According to one conventional remelting and hardening process, as disclosed in Japanese Patent Publication No. 57(1982)-6494, a heater such as a plasma torch is positioned at a distance from a sliding-contact cam surface of a camshaft in confronting relation thereto, and the camshaft is rotated about its own axis while the plasma torch is reciprocally moved transversely across the sliding-contact cam surface, so that an arc produced by the plasma torch will be applied to the cam surface in a tortuous pattern. Where the cam lobe is heated and melted while the camshaft is being rotated about its own axis, the melted region is positioned higher than a previous region which has been melted immediately earlier. The melted region is therefore caused by gravity and the pressure of the arc from the plasma torch to flow over the previously melted region, thereby developing a deformed area on the cam profile. Such a localized deformation must be ground away after the remelting and hardening process. This is disadvantageous in that a large grinding allowance is required, a grinding crack may be developed, and the grinding process is complex and time-consuming.
The conventional remelting and hardening procedure requires a preheating step for rapidly melting a camshaft. It takes a considerable period of time for a plasma torch arc to travel from a point where preheating is started to a point where preheating is finished. As a consequence, it is difficult to maintain all cams to be remelted at the same temperature, and the camshaft cannot be remelted quickly.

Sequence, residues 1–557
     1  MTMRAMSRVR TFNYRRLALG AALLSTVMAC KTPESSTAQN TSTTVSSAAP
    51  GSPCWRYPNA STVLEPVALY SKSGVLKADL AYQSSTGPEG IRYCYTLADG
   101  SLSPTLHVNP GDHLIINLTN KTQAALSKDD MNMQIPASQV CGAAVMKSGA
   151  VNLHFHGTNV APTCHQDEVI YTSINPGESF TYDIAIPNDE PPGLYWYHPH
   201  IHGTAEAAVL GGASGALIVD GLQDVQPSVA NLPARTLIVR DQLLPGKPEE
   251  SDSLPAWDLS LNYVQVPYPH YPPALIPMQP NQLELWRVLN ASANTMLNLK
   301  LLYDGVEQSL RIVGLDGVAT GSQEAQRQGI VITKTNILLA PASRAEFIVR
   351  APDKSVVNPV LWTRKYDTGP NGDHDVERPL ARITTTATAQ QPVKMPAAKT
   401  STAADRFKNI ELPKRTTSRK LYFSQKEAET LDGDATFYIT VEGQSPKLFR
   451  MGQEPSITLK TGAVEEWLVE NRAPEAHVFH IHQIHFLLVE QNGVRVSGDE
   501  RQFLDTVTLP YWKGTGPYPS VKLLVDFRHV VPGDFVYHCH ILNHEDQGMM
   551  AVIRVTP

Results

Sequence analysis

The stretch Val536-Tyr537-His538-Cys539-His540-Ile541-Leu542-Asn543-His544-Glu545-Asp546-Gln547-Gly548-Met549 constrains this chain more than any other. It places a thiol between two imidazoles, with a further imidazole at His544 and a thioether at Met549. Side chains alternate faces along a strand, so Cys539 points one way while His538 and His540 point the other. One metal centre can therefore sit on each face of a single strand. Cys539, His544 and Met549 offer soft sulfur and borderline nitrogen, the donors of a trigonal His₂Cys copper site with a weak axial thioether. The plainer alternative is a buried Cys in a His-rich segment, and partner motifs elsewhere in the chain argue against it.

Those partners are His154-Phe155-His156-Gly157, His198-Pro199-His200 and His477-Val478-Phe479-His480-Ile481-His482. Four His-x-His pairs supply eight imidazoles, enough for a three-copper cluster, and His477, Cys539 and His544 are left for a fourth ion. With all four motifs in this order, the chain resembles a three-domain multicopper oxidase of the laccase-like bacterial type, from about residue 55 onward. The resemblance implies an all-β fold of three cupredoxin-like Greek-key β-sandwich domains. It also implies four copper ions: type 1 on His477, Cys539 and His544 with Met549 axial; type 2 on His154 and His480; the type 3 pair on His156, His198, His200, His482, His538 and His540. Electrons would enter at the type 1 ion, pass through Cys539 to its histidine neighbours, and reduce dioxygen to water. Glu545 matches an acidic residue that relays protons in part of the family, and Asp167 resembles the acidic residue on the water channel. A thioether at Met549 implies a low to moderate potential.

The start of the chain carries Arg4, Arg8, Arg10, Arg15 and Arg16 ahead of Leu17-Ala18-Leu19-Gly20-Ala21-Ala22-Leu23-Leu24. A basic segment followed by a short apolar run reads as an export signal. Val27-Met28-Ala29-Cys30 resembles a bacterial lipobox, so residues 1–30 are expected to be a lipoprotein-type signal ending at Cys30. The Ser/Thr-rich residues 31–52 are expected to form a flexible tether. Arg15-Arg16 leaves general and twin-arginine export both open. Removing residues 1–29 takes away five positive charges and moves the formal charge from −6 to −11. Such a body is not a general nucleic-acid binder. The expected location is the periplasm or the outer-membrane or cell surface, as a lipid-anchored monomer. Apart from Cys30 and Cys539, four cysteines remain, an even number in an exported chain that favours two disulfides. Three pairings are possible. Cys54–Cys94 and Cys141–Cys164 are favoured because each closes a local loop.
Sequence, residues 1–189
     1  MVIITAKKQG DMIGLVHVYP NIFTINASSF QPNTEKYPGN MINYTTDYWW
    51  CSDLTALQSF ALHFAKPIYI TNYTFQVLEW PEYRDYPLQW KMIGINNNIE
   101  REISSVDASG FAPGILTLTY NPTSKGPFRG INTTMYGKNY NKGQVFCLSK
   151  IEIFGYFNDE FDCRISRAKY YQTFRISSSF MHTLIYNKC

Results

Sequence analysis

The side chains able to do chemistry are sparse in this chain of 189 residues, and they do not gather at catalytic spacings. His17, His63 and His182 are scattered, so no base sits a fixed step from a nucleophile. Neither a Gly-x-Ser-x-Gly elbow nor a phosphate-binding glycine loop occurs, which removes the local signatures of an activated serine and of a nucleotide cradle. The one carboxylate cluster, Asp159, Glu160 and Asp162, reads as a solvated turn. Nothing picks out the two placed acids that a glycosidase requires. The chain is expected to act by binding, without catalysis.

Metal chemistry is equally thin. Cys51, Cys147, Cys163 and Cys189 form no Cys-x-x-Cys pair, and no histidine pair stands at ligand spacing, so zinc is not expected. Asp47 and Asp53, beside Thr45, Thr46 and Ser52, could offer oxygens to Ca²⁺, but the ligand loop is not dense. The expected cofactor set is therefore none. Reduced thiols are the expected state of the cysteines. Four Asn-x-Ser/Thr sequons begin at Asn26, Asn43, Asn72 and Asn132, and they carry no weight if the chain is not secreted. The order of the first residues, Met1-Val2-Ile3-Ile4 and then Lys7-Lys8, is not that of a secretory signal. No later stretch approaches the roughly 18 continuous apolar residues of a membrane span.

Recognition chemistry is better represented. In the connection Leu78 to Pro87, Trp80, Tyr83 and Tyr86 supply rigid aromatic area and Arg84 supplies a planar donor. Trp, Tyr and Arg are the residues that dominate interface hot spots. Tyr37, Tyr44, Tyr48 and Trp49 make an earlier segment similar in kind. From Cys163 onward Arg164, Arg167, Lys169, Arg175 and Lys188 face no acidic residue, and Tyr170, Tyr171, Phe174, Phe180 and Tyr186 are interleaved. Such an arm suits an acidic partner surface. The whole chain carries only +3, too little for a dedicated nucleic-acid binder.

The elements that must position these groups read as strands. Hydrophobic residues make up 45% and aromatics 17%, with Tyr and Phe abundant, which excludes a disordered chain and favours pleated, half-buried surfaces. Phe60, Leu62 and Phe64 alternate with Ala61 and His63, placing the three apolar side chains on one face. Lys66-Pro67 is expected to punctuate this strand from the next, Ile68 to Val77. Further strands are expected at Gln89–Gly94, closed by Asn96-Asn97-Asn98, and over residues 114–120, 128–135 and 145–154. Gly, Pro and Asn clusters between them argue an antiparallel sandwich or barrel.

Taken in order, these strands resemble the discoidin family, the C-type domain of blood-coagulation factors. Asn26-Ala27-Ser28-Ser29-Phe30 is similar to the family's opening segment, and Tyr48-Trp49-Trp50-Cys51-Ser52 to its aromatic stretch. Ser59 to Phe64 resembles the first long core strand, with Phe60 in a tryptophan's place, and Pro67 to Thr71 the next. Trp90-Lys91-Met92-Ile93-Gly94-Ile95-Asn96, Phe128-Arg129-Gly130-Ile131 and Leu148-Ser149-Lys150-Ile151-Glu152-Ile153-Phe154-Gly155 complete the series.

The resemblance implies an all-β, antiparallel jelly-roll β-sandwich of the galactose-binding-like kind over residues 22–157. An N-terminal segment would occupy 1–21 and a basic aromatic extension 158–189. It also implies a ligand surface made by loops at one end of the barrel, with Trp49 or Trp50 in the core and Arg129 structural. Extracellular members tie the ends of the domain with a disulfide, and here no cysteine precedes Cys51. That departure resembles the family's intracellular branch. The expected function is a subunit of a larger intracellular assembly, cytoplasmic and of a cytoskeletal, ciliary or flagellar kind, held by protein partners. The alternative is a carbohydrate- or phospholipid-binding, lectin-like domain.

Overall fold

Therefore, it is an object of the present invention to provide an iron-base article having a remelted layer of high hardness and excellent wear resistance, which is produced by forming a remelted layer chilled by a remelting and hardening process over a cast chilled region, and a method of making such an iron-base article.
Another object of the present invention is to provide an iron-base article having a remelted layer free of oxides that would be entrapped in its surface layer when remelted and also of gas holes, and a method of making such an iron-base article.
Still another object of the present invention is to provide an iron-base article having a remelted layer which includes no localized deformation on remelted and hardened surfaces such as sliding-contact cam surfaces, has a small grinding allowance, and can easily be ground after being remelted and hardened, and a method of making such an iron-base article.
A still further object of the present invention is to provide an iron-base article having a remelted layer that can quickly be melted by maintaining regions to be remelted at the same temperature, and a method of making such an iron-base article.
A yet still further object of the present invention is to provide an iron-base article having a remelted layer in which added metal particles are uniformly dispersed to produce a solid homogenous phase, and a method of making such an iron-base article.
According to the present invention, there is provided a method of making an iron-base article having a remelted layer, comprising the steps of pouring molten metal into a mold with a chill set therein to cast an iron-base article having a chilled region formed in contact with the chill, adding metal powder which provides wear resistance upon being mixed to at least a portion of the chilled region, applying a high level of energy to the portion of the chilled region to heat and remelt the same, and cooling the remelted portion to form a remelted layer therein.
The high level of energy is produced by a plasma arc generated by a plasma torch. The plasma arc is applied to the cast chilled region at an obtuse angle with respect to a tangential line at a point of intersection between the axis of the plasma torch and the cast chilled region at all times in the direction in which the plasma torch advances with respect to the article. The portion of the cast chilled region which is heated and remelted by the plasma arc is positioned at the same level as or at a level lower than that of a portion which has been heated and remelted immediately earlier.
The plasma arc is generated by a pulse arc current and stirs the melt powder in a molten pool formed by remelting the cast chilled region, whereupon the metal powder is uniformly dispersed to produce a solid homogenous phase.